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Publisher's Summary

Winner of the Crime Writers’ Association Silver Dagger.
When an RAF Dakota, presumed lost at sea in 1945, is discovered in a drained lake in Lincolnshire, together with its pilot and a cargo of worthless rubble, it falls to David Audley of the MOD to puzzle out just why the Russians are so interested in the discovery - and what the plane was carrying that is important enough to kill for.
©1971 Anthony Price (P)2013 Audible Ltd
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Customer Reviews

Most Helpful
4 out of 5 stars
By Anniebligh on 03-27-13

Good place to start.

The stories in the series dip back and forward through time and follow different characters.
After doing my usual search I did find the chronological order of writing.

(1971) The Labyrinth Makers;
The Alamut Ambush (1972)
Colonel Butler's Wolf (1972)
October Men (1973)
(1975) Other Paths to Glory
Our Man in Camelot (1975)
War Game (1977)
The '44 Vintage (1978)
Tomorrow's Ghost (1979)
The Hour of the Donkey (1980)
Soldier No More (1981)
The Old Vengeful (1982)
Gunner Kelly (1983)
Sion Crossing (1984)
Here Be Monsters (1985)
For the Good of the State (1986)
A New Kind of War (1987)
A Prospect of Vengeance (1988)
The Memory Trap (1989

I also learned there are a few good entry points, so I started at 'The Hour of the Donkey' and it does really seem that each is a stand alone story.

As Audible has all 19 books, this one is also a good starting point. Simon Schatzsberger does read very well and I am following the books he reads, first.
As a series I really like them, because they do move in time and central characters.
I did enjoy 'The Labyrinth Makers' more than 'Other Paths to Glory' that won the Gold Dagger..
My expectation is that after hearing all 19 I am likely to go back, and yes I do anticipate I will be following Anthony Price for quite a while.

Even though the stories are fiction, I think many of the events described in the stories are based in history. They cover World War1 and 11 and the Cold War period.

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8 of 8 people found this review helpful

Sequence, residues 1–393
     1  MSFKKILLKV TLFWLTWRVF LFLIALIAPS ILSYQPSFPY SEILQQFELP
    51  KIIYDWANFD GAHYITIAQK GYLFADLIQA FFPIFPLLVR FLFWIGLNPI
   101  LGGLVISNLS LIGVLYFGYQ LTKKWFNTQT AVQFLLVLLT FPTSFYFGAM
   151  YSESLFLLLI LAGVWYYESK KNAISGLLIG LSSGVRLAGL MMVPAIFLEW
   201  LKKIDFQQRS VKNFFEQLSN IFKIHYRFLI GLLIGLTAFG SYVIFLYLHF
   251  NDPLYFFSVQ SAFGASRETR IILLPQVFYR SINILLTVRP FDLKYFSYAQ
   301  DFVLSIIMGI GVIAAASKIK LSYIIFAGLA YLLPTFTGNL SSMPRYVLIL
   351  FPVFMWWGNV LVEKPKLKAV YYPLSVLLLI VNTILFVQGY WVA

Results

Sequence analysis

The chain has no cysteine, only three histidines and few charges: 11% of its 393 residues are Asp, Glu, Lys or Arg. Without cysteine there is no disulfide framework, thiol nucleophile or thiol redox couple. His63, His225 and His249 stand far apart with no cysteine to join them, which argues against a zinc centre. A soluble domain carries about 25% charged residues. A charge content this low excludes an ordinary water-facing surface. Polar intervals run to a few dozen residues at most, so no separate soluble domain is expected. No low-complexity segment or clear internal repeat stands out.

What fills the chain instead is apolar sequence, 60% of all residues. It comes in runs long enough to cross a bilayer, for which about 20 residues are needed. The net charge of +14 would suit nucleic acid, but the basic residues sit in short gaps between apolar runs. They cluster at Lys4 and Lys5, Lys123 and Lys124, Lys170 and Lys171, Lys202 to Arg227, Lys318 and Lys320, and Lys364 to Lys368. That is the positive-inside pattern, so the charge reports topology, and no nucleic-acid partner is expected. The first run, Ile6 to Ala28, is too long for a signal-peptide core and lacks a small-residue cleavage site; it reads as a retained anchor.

5 out of 5 stars
By Cookie on 01-13-13

Cold War English Spies

New series, start with this one since audible does not have these numbered yet, I went to amazon to find out where to start. I have listened to three of these treasures before writing this review. I find these spy novels a little more accessible than Le Carre and less prurient than Littell (both of which I totally love). These novels are perhaps a little quieter and the characters deeper. Although the plots are no less intricate and satisfying. I find a bit of Ngaio Marsh and Margery Allingham here too. Please forgive the name dropping, but if description fails, simile seems to do the trick. If any of these authors appeal, and even if they don't, give this author a try, I do not think you will be disappointed.

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20 of 23 people found this review helpful

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Customer Reviews

Most Helpful
5 out of 5 stars
By catsatcastle on 02-15-15

The first David Audley novel

What made the experience of listening to The Labyrinth Makers the most enjoyable?

I like the complex plot and the superbly written dialogue. It has the trademark historical connection that often features in these books.

The narrator is excellent and has a wonderful line in languid voices to suit the public school characters, of which there are a few of varying ages and they are all distinct. He also characterises Jack Butler (Sandhurst via Lancashire) well. He is to the life the career soldier, clever, disciplined and taking no nonsense. Other accents sound plausible to me and the female characters are not forced.

Price develops his characters in a very satisfying way. This is the first in a long series of books and David Audley features in all of them. He has made himself unpopular by being too clever by half and is thrust out into the field and away from his beloved research into the Middle East. He is not always likeable but is always interesting.

What other book might you compare The Labyrinth Makers to, and why?

The closest I can get is to the novels of John le Carre. They are similarly complex and beautifully written. Price's books differ though in that they are not suffused with a sense of betrayal although sometimes the people on the same side are not always being straight with each other. There is a lightness of touch and there are shots of humour too. They also tend to take place mainly in the mind and through dialogue but often with a sudden and unexpected burst of violent but not graphic violence.

Which scene did you most enjoy?

The final scene, which I can't explain fully without giving away the story. All of the themes come together in a very satisfying way.

Was there a moment in the book that particularly moved you?

No, this is of that sort of book.

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1 of 1 people found this review helpful

4 out of 5 stars
By Pete on 06-25-17

Read years ago

This is the first in the Dr Audley series, and I am sure I will listen to more. I read the novel years ago, and enjoyed this rendering

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